Existing examples of CBIR focus on small subsets of classes- for example 4 histopathological classes of cancer. One of the examples is the Luigi dataset that has image patches from representative sections of the cancer tissue from the TCGA dataset.
There is active research on how to make CBIR more clinically relevant to pathologists by grouping images by semantics along with visually similar images. Yottixel, an image search algorithm recently proposed, aims to do that for a very large histopathological database.
Other well-known CBIR is the Google SMILY database for histopathology, IRMA, YottaLook, NHANES II, FIRE (flexible image retrieval engine), and few in radiology as well- RadLex (Radiology Lexicon) and ASSERT (for HRCT images in radiology).
The widespread use into mainstream laboratory medicine for CBIR will be to overcome the two following hurdles:
The business model should address the cost/benefit of CBIR. This could be delivered as a subscription, with access purchased for a period of time, say yearly. The access would be billed to every pathology diagnosis which uses the repository, with the cost added to the final bill of pathology services; and with reimbursement approved by existing insurance companies.
The other hurdle is acceptance into the normal workflow of pathologists as a companion diagnostic tool. This will only happen when CBIR proves its worth as a tool that helps to add to information useful in the diagnosis and management of patients compared to information that is missing from viewing through a conventional microscope. The accuracy of such systems can be further enhanced by having a feedback system for points relevant for final classification and this has increased relevance for final results. This seems to be a good strategy for higher level multidimensional data where the features are numerous.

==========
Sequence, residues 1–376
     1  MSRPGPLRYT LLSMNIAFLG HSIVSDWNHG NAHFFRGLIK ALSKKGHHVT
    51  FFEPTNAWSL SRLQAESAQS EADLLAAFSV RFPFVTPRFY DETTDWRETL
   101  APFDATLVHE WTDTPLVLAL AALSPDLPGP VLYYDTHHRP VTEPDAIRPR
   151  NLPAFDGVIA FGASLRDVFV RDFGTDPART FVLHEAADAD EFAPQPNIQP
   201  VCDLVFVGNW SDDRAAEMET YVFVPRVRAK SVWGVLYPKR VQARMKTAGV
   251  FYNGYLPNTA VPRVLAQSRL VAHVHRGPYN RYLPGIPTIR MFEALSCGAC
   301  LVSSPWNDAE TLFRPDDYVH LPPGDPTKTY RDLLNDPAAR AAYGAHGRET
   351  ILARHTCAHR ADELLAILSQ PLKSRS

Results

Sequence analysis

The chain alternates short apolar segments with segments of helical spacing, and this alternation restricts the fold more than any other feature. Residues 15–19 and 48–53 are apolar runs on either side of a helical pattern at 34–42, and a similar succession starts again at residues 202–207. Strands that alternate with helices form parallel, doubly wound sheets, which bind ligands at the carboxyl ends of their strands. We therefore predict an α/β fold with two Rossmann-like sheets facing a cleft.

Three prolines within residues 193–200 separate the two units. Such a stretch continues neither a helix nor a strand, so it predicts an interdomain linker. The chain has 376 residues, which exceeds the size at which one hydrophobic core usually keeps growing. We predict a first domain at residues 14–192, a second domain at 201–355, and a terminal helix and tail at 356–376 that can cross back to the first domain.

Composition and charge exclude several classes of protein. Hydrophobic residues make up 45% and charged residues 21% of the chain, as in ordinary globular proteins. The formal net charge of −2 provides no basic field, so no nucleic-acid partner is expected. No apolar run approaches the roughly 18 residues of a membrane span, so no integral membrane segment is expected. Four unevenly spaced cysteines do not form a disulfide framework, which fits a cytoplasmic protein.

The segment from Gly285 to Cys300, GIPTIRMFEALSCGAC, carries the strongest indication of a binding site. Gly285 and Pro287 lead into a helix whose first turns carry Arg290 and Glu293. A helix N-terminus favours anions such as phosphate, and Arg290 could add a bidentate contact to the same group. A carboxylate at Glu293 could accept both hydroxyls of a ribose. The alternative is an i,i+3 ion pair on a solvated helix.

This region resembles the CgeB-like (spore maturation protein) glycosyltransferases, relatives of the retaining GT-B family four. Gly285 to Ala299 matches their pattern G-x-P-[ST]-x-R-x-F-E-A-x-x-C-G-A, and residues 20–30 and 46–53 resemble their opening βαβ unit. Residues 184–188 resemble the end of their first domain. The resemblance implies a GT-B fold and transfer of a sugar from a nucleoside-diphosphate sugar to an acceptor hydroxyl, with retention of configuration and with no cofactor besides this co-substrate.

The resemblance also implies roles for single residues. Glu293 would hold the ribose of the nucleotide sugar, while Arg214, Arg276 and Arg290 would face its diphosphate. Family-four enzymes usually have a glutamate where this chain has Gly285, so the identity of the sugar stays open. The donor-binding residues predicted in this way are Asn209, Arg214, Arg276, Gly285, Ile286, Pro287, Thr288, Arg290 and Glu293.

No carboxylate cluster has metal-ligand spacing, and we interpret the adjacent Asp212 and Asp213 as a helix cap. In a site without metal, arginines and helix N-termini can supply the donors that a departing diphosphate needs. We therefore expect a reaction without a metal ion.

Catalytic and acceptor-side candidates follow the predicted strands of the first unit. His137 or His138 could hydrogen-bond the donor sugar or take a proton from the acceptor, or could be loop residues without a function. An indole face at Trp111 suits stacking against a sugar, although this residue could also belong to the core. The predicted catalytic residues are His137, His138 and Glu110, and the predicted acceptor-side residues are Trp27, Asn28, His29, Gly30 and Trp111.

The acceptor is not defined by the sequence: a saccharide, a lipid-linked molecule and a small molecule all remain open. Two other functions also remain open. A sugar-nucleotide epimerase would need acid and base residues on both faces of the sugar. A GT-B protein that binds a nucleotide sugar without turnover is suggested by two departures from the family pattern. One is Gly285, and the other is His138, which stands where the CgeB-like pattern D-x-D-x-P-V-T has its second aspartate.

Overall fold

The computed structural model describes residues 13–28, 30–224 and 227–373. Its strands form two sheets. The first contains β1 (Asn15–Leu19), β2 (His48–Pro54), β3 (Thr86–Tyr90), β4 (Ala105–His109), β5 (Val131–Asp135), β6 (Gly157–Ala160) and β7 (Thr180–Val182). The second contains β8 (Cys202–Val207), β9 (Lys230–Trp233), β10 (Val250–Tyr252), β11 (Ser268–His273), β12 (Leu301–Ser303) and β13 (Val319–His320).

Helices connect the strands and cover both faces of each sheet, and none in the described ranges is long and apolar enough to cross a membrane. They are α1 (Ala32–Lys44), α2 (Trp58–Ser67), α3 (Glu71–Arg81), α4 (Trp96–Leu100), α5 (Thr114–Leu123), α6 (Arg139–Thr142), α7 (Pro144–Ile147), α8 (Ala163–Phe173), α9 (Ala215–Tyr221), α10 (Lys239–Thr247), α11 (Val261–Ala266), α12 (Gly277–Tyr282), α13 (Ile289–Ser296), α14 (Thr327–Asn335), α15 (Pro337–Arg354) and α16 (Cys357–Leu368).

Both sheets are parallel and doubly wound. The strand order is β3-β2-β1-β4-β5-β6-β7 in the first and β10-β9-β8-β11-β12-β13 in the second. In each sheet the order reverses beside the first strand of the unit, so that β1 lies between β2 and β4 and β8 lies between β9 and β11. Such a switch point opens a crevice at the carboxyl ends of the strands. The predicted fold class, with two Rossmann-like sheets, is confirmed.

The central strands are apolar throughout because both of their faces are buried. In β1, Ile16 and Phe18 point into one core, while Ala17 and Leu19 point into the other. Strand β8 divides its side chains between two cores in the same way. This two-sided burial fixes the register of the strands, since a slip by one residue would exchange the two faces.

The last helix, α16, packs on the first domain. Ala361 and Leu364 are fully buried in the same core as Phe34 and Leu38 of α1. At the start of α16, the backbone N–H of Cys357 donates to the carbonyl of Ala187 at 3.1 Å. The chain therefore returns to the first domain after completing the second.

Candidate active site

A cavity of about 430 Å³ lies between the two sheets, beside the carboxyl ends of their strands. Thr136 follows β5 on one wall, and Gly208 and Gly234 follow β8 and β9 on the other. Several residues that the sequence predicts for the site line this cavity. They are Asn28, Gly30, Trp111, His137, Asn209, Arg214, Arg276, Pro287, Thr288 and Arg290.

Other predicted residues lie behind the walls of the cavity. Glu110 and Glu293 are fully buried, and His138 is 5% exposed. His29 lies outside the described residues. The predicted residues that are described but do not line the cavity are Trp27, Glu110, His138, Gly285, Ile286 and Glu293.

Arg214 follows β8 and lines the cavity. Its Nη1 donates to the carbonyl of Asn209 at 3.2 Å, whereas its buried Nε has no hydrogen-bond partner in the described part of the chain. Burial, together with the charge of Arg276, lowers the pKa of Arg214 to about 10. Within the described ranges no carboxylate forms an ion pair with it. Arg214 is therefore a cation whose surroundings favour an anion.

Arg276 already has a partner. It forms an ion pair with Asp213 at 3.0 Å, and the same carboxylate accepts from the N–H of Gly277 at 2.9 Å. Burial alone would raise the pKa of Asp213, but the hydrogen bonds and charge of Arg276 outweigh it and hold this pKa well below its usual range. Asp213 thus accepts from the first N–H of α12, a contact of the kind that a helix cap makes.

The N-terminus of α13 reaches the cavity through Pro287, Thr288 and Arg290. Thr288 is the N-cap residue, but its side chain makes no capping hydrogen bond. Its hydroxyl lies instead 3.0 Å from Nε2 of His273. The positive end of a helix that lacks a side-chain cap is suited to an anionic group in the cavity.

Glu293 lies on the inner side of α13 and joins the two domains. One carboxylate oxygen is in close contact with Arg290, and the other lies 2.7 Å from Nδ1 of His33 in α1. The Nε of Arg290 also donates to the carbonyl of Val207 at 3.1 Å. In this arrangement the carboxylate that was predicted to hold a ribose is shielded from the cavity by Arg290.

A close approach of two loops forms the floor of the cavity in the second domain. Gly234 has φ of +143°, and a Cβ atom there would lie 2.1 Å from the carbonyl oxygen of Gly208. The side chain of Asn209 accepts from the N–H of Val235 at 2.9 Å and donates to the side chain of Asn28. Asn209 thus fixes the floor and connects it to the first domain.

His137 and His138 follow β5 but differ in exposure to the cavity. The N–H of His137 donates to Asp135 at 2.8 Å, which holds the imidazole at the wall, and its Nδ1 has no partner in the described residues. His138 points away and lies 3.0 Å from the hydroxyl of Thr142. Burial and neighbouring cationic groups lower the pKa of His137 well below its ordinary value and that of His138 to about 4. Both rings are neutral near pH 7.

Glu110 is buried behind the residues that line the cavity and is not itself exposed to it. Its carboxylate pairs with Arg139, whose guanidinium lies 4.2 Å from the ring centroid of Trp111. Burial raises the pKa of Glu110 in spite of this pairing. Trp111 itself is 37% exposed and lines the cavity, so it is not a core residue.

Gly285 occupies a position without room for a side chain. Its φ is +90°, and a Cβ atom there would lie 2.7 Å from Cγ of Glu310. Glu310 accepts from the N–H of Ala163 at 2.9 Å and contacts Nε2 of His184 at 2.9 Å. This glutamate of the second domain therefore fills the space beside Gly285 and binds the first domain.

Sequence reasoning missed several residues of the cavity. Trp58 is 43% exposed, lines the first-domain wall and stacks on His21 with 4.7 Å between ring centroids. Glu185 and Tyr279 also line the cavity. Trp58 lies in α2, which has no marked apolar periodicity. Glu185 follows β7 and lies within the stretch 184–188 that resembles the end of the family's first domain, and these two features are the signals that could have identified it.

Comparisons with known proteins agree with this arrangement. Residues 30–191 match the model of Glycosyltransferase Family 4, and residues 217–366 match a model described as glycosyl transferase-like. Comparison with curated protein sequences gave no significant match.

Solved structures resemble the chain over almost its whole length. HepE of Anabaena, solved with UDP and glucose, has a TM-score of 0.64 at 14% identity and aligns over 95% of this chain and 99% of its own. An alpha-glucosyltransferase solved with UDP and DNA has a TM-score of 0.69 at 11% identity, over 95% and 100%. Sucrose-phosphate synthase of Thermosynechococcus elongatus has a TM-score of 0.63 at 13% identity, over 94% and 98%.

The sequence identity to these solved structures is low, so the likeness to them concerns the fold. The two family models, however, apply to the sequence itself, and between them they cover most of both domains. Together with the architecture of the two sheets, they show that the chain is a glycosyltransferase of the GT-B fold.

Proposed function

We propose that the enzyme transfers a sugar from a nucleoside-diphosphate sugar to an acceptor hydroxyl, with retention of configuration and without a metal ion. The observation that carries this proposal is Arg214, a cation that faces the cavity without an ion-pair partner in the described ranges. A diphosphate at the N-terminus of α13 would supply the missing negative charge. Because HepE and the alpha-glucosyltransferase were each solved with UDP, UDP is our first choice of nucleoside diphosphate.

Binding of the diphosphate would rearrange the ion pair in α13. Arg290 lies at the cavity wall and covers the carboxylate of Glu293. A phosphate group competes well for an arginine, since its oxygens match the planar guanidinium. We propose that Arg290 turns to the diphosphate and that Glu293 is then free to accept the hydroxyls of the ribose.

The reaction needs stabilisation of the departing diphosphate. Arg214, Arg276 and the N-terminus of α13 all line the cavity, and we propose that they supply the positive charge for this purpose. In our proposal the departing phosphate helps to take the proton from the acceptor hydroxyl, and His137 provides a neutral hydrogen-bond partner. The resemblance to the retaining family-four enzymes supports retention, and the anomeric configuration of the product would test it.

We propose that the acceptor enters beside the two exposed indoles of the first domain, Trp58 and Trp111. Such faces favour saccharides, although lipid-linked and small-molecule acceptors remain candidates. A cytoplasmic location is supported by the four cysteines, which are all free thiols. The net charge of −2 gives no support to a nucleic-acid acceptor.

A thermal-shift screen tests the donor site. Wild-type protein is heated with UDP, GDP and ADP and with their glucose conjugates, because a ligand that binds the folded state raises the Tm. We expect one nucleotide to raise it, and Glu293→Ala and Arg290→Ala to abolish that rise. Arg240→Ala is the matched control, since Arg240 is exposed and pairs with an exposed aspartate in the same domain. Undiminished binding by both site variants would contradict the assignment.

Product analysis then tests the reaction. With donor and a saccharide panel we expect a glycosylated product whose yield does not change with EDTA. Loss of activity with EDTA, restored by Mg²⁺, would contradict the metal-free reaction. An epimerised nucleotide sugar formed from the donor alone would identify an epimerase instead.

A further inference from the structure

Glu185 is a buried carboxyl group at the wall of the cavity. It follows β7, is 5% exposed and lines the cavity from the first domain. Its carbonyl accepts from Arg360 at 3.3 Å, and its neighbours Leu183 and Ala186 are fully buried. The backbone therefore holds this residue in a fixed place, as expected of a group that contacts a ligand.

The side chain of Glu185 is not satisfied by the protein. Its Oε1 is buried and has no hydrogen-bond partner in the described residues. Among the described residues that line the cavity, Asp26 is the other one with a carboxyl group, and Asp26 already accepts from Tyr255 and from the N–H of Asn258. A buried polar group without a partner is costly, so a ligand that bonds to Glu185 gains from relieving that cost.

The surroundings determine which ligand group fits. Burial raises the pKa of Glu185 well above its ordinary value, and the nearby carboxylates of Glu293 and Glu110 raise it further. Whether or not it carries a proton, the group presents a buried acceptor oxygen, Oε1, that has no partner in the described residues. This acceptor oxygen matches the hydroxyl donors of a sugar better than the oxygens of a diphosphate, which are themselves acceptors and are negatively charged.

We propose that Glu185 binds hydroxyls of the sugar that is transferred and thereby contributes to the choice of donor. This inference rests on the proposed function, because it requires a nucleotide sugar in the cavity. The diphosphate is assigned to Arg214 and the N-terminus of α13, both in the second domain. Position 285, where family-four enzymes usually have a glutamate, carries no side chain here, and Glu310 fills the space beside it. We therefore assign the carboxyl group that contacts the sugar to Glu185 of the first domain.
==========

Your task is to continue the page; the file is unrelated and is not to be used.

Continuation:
Initially, computational requirements required weeks to at least minutes of accessing the gigabytes of data in the form of whole slide images, which due to advancements in high performance computing has brought down the retrieval time from minutes to seconds making CBIR a practical proposition.
Other limitations include varied pathological categories with varied clinical management, bad quality of images, improper segmentation of images, noise, and differences in the modalities used.
One more aspect that has been seen is that being better than a pathologist only in diagnosis is not enough. It must add value to the already existing knowledge in a laboratory, in the form of therapeutics or management and prognosis of the patient.
The validation of CBIR is to use the pathologist’s vast amounts of experience to correctly classify and validate the diagnosis. This is a silver lining in itself as it means that this technology is to supplement the work of pathologists, and not to replace them.
CBIR is a rich, useful tool to query for images in a visual-specific field like pathology, where language query is not a very appropriate tool and will lead to a subjective bias. Also, it will be a pathologist-centric model where the pathologist makes the final decision as compared to a machine. The increasing research in the medical domain points to the importance of it in mainstream use.
The main limitations of variation in reporting due to subjectivity can also potentially be tackled by use of CBIR; and its benefits such as feature extraction from noisy images, algorithm training, and business efficiencies will ease the ushering in of CBIR as a companion diagnostic tool.
- Building SMILY, a Human-Centric, Similar-Image Search Tool for Pathology https://ai.googleblog.com/2019/07/building-smily-human-centric-similar.html ; Accessed 20 February 2021
- Kalra, S., Tizhoosh, H.R., Choi, C., Shah, S., Diamandis, P., Campbell, C.J. and Pantanowitz, L., 2020. Yottixel–an image search engine for large archives of histopathology whole slide images. Medical Image Analysis, 65, p.101757.
- Camelyon Grand Challenges Website: https://camelyon17.grand-challenge.org/
- Satish, B., 2016. A Methodical Study of Content Based Medical Image Retrieval in Current Days. Global Journal of Computer Science and Technology. https://digitalpathologyassociation.org/_data/cms_files/files/PathologyAI_ReferencGuide.pdf
- Tavolara, T.E., Niazi, M.K.K., Arole, V., Chen, W., Frankel, W. and Gurcan, M.N., 2019. A modular cGAN classification framework: Application to colorectal tumor detection. Scientific reports, 9(1), pp.1-8. https://pubmed.ncbi.nlm.nih.gov/31831792/